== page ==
Bloodhunter Bat – This one, being splashable, is actually a bit too strong for my taste. Also, it steps on the toes of too many other cards I use: Highway Robbers (important Mercenary), Blind Hunter (important Orzhov creature) and Falkenrath Noble (iconic and elegant).

Liliana’s Shade – I don’t think Black needs a creature providing it with extra land. Other than that, I already have Nantuko Shade and Primeval Shambler, both of which I like more.

Goblin Battle Jester – even with the activation cost, this ability is just much more awesome on a 1/1 for 1 mana (Intimidator Initiate) than on a 2/2 for 4 mana.

Reckless Brute – I prefer the more solid Ronin Houndmaster and the more extreme Lightning Elemental. This is just in the spot in between with a drawback I don’t like, taking away a decision from you.

Rummaging Goblin – So, the red Merfolk Looter has to be inferior TWICE. Why? Well, good thing Mad Prophet exists!

Wild Guess – this isn’t card draw, just card filtering, and not nearly as useful as Blue’s See Beyond, although it does stock your graveyard a little more. I prefer Dangerous Wager, which, in the right deck, is actually card draw.

Bond Beetle – sorry, but Ironshell Beetle at least guaranteed you a decent creature as a baseline. This doesn’t.

Predatory Rampage – effectively an Overrun, and that is just too much power.

Roaring Primadox – in contrast to its predecessors (starting with Stampeding Wildebeests), it doesn’t require you to bounce a green creature, and is consequently splashable and a little less powerful, but I found that repeated self-bounce just doesn’t play well, being either too annoying for you or (with good bounce targets) your opponent, with little middle ground.

Spiked Baloth – War Mammoth is too boring by today’s standards, and while this switches around damage potential and durability a little, it is not an improvement.

Thragtusk – Much more powerful than Penumbra Kavu, which is already a strong card. This is too strong.

Gem of Becoming – Since the connection to Nicol Bolas is irrelevant when discussing this card’s play value, this is a really clumsy mana fixer put randomly into Grixis. Yes, it can find you a card more than Armillary Sphere, but only in this exact combination, and for 6 instead of 4 mana total. And I found even the Sphere too clumsy.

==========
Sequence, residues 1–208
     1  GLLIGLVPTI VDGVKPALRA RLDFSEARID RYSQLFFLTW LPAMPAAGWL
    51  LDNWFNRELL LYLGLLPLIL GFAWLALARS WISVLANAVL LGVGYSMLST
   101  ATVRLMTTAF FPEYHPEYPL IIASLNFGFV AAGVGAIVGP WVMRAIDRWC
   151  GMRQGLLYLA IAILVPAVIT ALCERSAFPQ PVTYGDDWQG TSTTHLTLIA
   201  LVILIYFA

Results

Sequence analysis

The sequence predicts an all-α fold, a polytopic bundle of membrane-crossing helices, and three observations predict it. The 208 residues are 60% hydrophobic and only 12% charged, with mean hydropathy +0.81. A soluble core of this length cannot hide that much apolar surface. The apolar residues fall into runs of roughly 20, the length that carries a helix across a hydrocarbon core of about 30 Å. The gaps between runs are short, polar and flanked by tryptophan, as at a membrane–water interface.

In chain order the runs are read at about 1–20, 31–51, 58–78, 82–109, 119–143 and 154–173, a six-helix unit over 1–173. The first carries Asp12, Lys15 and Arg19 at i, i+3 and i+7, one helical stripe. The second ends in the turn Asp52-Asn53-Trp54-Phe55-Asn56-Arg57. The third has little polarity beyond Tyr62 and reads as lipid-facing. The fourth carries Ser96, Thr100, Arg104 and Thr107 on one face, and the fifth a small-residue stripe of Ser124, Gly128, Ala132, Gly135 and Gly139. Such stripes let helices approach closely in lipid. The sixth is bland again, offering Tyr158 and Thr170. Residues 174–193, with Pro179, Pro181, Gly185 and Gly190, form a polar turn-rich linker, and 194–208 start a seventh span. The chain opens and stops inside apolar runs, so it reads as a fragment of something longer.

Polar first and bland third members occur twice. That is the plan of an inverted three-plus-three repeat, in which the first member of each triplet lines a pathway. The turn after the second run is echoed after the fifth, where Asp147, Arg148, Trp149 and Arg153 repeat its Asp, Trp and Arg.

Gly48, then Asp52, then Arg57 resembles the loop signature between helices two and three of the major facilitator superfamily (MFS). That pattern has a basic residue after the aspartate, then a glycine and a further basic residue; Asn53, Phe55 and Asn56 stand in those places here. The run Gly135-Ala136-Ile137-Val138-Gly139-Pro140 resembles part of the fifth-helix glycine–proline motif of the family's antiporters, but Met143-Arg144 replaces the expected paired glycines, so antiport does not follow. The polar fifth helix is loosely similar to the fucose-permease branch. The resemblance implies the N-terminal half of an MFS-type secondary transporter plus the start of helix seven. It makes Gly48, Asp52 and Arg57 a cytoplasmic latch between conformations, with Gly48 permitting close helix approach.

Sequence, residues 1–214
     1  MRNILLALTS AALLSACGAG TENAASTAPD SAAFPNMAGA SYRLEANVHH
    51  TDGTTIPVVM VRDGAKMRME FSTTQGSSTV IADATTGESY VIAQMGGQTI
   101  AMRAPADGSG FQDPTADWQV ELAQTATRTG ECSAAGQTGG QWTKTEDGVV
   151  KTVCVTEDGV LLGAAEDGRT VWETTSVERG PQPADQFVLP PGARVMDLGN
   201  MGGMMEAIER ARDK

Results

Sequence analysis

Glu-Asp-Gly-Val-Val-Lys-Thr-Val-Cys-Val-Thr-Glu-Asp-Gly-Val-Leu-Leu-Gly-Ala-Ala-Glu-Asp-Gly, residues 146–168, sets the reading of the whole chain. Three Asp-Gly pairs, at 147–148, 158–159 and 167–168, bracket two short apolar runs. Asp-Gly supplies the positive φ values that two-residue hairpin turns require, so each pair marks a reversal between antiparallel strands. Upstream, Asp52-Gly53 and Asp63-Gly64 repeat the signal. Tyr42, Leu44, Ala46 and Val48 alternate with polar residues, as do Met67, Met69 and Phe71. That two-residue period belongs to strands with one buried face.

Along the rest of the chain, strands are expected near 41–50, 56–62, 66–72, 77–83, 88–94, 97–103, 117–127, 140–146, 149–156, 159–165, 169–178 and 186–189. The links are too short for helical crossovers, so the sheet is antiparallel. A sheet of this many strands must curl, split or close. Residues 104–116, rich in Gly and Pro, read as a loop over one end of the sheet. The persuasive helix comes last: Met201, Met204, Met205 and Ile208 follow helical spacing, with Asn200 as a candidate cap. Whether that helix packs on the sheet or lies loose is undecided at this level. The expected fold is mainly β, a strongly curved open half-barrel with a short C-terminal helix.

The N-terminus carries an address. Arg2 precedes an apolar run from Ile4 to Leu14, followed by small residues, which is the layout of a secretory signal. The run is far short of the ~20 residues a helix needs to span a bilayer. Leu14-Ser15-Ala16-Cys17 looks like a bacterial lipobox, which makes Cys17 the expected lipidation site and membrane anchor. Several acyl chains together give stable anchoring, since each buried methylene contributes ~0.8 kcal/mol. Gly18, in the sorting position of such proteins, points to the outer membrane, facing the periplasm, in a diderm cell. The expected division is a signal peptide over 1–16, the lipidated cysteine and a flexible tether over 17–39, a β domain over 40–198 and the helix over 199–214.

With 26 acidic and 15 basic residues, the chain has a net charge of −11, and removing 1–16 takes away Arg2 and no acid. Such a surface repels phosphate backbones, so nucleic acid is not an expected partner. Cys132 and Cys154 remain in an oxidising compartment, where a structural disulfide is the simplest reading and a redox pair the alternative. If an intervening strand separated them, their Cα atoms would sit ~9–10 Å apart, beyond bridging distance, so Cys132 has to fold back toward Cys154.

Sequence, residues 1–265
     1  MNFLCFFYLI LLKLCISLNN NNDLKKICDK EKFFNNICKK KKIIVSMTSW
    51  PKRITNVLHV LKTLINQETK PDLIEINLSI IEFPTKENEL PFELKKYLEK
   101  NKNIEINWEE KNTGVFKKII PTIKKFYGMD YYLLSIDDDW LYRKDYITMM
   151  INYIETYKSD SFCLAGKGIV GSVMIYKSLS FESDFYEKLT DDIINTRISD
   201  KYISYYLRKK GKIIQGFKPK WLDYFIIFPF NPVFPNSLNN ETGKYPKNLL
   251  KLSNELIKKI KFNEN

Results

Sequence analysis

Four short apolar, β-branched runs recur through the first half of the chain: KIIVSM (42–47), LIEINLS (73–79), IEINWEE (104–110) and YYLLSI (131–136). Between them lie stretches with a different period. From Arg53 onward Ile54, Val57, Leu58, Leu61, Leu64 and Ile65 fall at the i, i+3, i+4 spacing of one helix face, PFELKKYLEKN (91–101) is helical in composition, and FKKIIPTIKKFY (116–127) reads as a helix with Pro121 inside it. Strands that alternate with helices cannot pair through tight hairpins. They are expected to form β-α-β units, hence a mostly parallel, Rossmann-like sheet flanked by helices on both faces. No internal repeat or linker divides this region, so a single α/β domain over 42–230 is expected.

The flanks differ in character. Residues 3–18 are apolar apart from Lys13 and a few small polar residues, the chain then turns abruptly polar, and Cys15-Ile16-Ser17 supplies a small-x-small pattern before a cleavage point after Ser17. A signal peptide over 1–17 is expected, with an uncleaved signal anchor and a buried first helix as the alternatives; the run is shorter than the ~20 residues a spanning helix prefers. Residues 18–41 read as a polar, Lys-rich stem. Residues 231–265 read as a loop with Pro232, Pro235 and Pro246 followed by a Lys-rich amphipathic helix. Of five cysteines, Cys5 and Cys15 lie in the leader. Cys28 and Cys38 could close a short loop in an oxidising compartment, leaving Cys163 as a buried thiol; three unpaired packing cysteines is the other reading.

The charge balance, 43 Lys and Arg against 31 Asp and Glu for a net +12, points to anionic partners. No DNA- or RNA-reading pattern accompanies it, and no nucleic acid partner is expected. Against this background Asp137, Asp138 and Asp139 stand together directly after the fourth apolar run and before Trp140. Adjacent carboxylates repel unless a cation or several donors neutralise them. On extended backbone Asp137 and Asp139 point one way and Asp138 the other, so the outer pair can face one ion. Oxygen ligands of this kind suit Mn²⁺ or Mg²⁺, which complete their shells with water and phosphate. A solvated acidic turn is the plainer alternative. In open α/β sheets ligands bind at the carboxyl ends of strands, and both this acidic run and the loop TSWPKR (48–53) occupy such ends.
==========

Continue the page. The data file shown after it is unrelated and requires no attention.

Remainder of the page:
Hellion Crucible – after playing with Gargoyle Castle for a while, I realized that I didn’t actually like lands sacrificed for tokens instead of just becoming manlands, like Stalking Stones. It is, among other things, a question of elegance. Crucible requires you to use counters AND a token – and all that for a card whose function it just is to give you a creature in a landslot. Why not just use Ghitu Encampment? I see that the 4/4 is bigger, but the Encampment is more reliable in practically every way.

4. Exalted in Black

I’m not actually averse to exalted in Black. So far I have it centered in White, dipping a little into White’s friends Green and Blue, but a juxtaposition in White and Black makes sense to me as an alternative. The thing is, I need a critical mass of black exalted cards for that, and I just don’t like my choices that much:

Knight of Glory – admitted, it’s not black, but it only makes sense when paired with Knight of Infamy. Otherwise, Aven Squire and Sigiled Paladin are better choices.

Duskmantle Prowler – okay, haste in Black isn’t exactly an abomination, but a bit of a strange baseline for a black exalted creature. I could live with that card, but I’m not too impressed.

Duty-Bound Dead – sorry, this is just terrible! Why does the regeneration ability have to cost that much? Maybe I would even have liked that card more without it – at least it would be more honest, just providing an exalted bonus with little additional use.

Knight of Infamy – Makes only sense in an environment with exalted in Black and White, but that is exactly what it’s for! No extra incentive for me to want it, though.

Nefarox, Overlord of Grixis – just too powerful. This would have been impressive without the triggered ability, but it’s way over the top with it.

Servant of Nefarox – okay, but not especially attractive. Overall, the black exalted cards just fail to convince me that they would enhance a limited environment.

5. The friendly cycle